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>> i can't say enough about him he's endured so much in the past month that it hurts to see him like this. >> i wish there was, you know, that i could somehow take some of his pain away from him even for a minute. >> reporter: doctors worked feverishly through save his other leg and through the countless pans and screams in the middle of the night his family says you won't hear a complaint, not a word of self pity or whisper of anger. >> i thought i knew him and now i know him as being the strongest man i have ever met. >> reporter: because you what his family has seen is difficult to witness. >> we seen the progresses and the setbacks. in our world, it's still april 15th. >> reporter: through good days and bad ones for more than a month now. one of the family members has been at marc's side every minute. >> there sglur and on thursday
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they were great to feel be there when the boston cop who threw him in a police wagon dime pay him a visit. the first time park had seen him since patriot's day. >> you gave me son a father. >> at that time all i knew is this guy needs to go to the hospital right now. >> reporter: officer davis brightened his day but to be honest marc has no idea when he will leave the hospital. >> what do you dream about when you dream about getting out of here. >> getting back to regular life, playing with my son, taking him to chuck e. cheese the red sox and patriots game, the bruins game, you know. >> reporter: yearning for normalcy and yet through it all he has a grateful heart. >> he said this so many times to us there is so much more good in the world than there is bad. >> reporter: his website has been inundated with well wishes. people around the country are pulling for him. >> you don't know how strong you
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are until being strong is your only choice. >> reporter: who knows what puts us in or keeps us from harm and danger? how we respond to it is our choice. a million people would not have the same attitude that you have. >> i don't have the same attitude that he has. >> you don't? >> he is better than me. >> she's mad. i don't want her to be mad. >> he is so good. he evens me out. you know what i mean? like i'm so mad. but he's so good. >> harry smith with our report from boston. if you would like to help marc and the other victims there we put information on our website tonight. coming up after a break, an actor and comedian so different from everyone else in hollywood. he actually wants nothing to do with hollywood. >> it's not for me. i'm not in to that scene. i'm in to doing my job and that's it. i'm not in to that horse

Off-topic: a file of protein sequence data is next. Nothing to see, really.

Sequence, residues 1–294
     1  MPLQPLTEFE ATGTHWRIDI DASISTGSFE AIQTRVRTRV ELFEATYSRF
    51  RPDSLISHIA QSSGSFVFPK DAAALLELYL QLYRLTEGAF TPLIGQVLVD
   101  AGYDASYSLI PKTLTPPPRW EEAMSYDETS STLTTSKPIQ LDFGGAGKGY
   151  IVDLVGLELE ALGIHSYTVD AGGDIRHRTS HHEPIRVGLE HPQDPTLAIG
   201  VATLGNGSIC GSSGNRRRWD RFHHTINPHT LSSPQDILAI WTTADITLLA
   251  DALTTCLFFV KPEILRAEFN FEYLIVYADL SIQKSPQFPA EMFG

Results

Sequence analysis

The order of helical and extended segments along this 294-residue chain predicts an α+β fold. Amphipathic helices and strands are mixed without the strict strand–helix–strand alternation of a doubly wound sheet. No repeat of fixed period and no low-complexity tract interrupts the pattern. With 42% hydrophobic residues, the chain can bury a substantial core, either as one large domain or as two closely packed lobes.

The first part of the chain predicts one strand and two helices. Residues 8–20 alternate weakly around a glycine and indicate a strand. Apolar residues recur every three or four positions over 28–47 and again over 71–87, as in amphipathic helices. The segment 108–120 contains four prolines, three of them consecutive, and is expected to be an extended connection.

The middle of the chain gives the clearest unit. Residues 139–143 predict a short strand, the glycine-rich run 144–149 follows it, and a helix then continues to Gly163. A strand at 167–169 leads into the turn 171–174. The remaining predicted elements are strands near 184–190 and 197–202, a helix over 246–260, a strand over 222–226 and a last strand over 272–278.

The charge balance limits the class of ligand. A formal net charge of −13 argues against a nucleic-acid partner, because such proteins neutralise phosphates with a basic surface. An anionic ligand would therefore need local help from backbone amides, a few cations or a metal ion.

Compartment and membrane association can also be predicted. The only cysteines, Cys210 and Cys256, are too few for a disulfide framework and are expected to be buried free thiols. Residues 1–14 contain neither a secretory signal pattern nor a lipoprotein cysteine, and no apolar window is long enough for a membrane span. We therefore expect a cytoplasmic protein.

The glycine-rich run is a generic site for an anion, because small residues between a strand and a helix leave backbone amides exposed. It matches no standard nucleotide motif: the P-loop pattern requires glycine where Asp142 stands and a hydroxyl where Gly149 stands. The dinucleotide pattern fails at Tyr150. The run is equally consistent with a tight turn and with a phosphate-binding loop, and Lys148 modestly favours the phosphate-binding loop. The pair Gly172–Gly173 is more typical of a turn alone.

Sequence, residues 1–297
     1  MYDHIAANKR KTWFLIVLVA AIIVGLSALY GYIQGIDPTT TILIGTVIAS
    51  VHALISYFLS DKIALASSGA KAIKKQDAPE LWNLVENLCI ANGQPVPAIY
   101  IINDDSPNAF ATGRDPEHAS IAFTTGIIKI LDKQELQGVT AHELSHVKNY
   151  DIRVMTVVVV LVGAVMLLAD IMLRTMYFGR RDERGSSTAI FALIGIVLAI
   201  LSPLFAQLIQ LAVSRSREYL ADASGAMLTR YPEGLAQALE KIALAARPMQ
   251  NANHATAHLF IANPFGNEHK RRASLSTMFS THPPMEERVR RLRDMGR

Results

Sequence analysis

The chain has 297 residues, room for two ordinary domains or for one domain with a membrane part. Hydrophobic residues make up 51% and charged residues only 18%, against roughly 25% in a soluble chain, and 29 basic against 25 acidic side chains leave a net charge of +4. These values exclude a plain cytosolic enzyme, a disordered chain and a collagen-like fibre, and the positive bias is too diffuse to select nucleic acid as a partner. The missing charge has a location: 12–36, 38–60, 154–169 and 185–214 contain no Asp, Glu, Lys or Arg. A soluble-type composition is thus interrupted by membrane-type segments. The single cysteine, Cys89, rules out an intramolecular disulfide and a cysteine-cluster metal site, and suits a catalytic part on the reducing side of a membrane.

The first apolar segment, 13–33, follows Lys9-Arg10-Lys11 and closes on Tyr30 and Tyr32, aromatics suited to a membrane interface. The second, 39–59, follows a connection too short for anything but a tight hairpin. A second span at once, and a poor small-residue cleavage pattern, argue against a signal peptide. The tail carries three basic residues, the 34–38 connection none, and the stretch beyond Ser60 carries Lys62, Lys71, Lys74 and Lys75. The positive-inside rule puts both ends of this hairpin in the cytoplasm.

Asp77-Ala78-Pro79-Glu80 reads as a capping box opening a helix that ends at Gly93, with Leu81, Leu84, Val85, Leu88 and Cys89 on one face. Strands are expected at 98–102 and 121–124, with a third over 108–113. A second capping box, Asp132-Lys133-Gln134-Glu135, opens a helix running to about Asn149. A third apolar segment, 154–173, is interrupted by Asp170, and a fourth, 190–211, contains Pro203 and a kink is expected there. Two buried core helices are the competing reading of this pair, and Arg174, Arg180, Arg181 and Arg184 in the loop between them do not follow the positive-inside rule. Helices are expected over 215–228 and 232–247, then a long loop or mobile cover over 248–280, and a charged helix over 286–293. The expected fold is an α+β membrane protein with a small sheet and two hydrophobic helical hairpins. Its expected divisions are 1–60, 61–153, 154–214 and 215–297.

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ladies and gentlemen, this is the national broadcasting company. >> welcome back. you're about to see what can happen when you spend any amount of quality time with zach zach. with "hangover 3" on the way, it is released thex thursday, you are about to see more of him. we got mar than we bargained for and are still recovering from our time spent with him. there's a lot there. this is a complex individual as funny as anyone alive today. he is very definitely the sum of his many parts and he brings all of it to the various parts he has played. when interviewing zach galifianakis, it helps if you ever raised an 8-year-old child.
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>> i do it so the viewer will be entertained by something. >> as an adult he has instructions on how much should air. >> don't do a long piece because people will turn it off. i'm telling you they will turn it off when they see it. >> reporter: because that's a risk we're willing to take we begin with his life story. second generation greek, born and raised in north carolina where his uncle was a three-term member of the house of representatives. yes, that means there was a one in congress. a vh-1 talk show with a yellow stripe, reno 911, the hbo series bored to death and many more. he was discovered as part of the traveling ensemble comedians of comedy. >> sucker for the word the